Posts

By Callie Sanders, LSW, January 8, 2019 –

Music is a universal language. It is the gateway for optimal brain health, longevity, and happiness.

In the world of research, neuromusicology explores the nervous system’s response to music and how it activates every part of the brain. Studies performed on musicians reveal significant brain health and well-being.

The largest fiber bundle in the brain, the corpus callosum, is said to be larger and more symmetrical in musicians. It is responsible for connecting the right and left hemispheres, allowing communication between both sides. It is also involved in several other functions of our body, such as eye movement, vision, and sensory perception.

The lack of musical ability does not keep a person from enjoying its benefits. Listening to upbeat music can have positive effects on mood. It naturally helps to lower the stress hormone cortisol. On the contrary, sad music has benefits too, both cathartically and revolutionary, that increase self-awareness.

Music also stimulates the formation of brain chemicals and hormones. One chemical particularly stimulated is the neurotransmitter dopamine, which is responsible for the “feel good” state. It also stimulates the hormone oxytocin, which helps us bond with and trust others. So continue to play, listen, and enjoy music whenever possible.

Another important area of life where music is beneficial is at work. Not only does music ignite more creativity and productivity, but when employees are allowed to pick the music, productivity and task completion accelerate, stress lowers, and work is more manageable.

The universal language of music, as a whole, supports social behaviors such as empathy, kindness, and cooperation. Children should be involved with music as much as possible. Encourage your child to join the band or choir at school.  It’s a great way to boost self-esteem, self-awareness, and a sense of community.

Because I am part of a musically inclined family, music has and will always be a staple in my life. I encourage you to listen to genres that aren’t familiar to you and play an instrument you are familiar with or learn a new one. Encourage your child to do so as well.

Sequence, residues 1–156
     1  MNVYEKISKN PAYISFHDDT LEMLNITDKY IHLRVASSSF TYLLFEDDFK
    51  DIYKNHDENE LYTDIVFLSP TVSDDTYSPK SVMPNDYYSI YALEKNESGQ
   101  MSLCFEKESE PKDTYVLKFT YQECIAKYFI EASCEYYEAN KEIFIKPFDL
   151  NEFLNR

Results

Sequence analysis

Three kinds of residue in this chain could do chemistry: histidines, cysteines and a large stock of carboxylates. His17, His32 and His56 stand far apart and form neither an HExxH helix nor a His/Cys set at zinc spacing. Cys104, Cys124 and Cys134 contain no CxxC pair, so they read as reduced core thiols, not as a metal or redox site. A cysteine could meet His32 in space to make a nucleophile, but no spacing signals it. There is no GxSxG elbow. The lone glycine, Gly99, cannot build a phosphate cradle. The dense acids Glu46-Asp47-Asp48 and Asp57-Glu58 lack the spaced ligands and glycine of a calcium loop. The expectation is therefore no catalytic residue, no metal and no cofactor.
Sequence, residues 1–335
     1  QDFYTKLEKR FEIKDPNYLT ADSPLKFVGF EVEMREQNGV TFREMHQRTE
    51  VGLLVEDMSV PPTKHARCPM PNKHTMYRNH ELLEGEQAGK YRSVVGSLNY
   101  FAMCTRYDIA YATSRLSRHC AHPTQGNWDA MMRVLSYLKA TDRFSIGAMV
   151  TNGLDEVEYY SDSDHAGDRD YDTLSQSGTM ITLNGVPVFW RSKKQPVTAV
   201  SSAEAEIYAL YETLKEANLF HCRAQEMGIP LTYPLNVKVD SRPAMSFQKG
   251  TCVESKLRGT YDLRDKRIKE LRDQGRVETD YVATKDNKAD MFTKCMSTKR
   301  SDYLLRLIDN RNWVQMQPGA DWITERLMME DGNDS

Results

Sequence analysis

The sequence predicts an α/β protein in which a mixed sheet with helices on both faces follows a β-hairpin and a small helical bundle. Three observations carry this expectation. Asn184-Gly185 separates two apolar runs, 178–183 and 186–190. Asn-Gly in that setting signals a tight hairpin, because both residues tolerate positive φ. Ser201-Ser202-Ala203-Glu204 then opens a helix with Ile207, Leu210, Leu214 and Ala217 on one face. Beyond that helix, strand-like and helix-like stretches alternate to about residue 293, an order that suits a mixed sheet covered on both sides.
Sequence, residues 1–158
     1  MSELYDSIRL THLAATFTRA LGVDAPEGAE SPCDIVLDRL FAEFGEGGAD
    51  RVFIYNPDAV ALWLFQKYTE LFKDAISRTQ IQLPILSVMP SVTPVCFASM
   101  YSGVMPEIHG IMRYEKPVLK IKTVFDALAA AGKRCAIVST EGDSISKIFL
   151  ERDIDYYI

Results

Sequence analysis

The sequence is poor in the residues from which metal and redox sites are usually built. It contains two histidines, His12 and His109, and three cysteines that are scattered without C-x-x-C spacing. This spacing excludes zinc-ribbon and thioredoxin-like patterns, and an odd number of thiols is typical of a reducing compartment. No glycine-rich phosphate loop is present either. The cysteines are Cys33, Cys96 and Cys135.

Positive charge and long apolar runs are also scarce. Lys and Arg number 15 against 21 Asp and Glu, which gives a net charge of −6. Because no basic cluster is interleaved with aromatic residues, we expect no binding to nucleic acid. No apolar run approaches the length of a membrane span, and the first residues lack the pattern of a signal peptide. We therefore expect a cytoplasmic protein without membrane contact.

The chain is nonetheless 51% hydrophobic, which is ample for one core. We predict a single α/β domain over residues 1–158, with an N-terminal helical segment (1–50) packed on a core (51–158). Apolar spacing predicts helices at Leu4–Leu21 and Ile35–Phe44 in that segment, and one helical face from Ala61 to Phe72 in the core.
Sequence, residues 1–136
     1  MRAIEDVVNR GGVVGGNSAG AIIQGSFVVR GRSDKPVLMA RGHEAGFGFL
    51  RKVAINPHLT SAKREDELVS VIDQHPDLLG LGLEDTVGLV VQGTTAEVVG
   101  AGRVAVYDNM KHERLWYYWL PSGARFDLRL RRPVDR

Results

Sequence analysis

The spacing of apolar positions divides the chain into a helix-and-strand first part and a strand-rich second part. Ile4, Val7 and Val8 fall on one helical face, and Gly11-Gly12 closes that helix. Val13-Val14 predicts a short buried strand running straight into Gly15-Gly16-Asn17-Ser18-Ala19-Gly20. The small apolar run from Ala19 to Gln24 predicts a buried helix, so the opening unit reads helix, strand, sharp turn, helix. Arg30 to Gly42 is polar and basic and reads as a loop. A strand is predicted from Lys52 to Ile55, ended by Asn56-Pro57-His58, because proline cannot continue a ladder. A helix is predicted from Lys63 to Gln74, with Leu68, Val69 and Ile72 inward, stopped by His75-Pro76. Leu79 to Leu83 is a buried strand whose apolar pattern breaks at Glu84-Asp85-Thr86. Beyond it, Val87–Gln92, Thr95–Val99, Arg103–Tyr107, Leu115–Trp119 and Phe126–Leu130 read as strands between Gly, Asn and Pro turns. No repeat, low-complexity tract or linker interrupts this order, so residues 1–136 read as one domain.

Happy listening and have fun playing!

By Wendy Lynch, MSW, Courier & Press, August 1, 2017 –

After a busy day helping kids as a school social worker, I often come home from work feeling the need to decompress.  Many days I find myself trying to process the daily struggles of my students.

My husband and I regularly discuss what it means to help a child in need.  How can I serve all the kids I meet with effectively?

There are many directions this conversation can go, but one concept we often discuss is the necessity for  youth  to feel a part of something — a need for connection, a sense of belonging  or perhaps best said, a sense of purpose.

Research shows that teens and young adults that seek purpose have higher levels of life satisfaction and happiness.  While recognizing these needs is important, the more challenging component is to how best connect  youth  to this sense of purpose.

When I recently listened to Facebook founder Mark Zuckerberg give an eloquent commencement speech to Harvard University graduates, I was impassioned by his message of “purpose,” because it was so reflective of many of my interactions with the kids I serve through  Youth  First.  Mr. Zuckerberg’s thesis was that “finding your purpose isn’t enough; the challenge is to create a world where everyone has a sense of purpose.”  (You can find Zuckerberg’s speech on You Tube.)

 With this in mind, I often find my conversations with distressed  youth  gravitating toward  the things in life they care about — people, ideas, and dreams — and how I can best point them toward  these  connections.  So how might one do this?  Zuckerberg offers three concepts that can help you lead your child towards a sense of connection, belonging and purpose:

  1. Encourage participation in something bigger than yourself.  Examples include community service, sports, drama, music  or clubs.
  2. Try to create the feeling or environment where the child is needed.
  3. Help facilitate an environment, attitudes  and goals where there is always something better ahead to work towards.

In my experience, I believe it is productive to help your child see a bright future and focus on what is to come rather than what is in the past.  According to William Damon, author of “The Path to Purpose: How Young People Find Their Calling in Life,” benefits can include living longer and healthier; valuing humility, gratitude and integrity; being more academically engaged; being more pro-socially oriented and engaged; being interested in how their actions affect others  and more.

The teen years are a time to explore one’s inner and outer world and seek new experiences.  Hopefully, these experiences will also create time for self-reflection so that teens can discover what gives their life purpose and meaning – what makes them feel alive.  Parents can set an example for their teen by modeling a sense of purpose in their own lives.

Guide your teen toward finding their purpose in life.  Help them break down their purpose into achievable goals and take action to support them until they’ve achieved their goals.  Pride in what they accomplish and service to others can build a capacity for a greater purpose that endures into their life well beyond the teen years.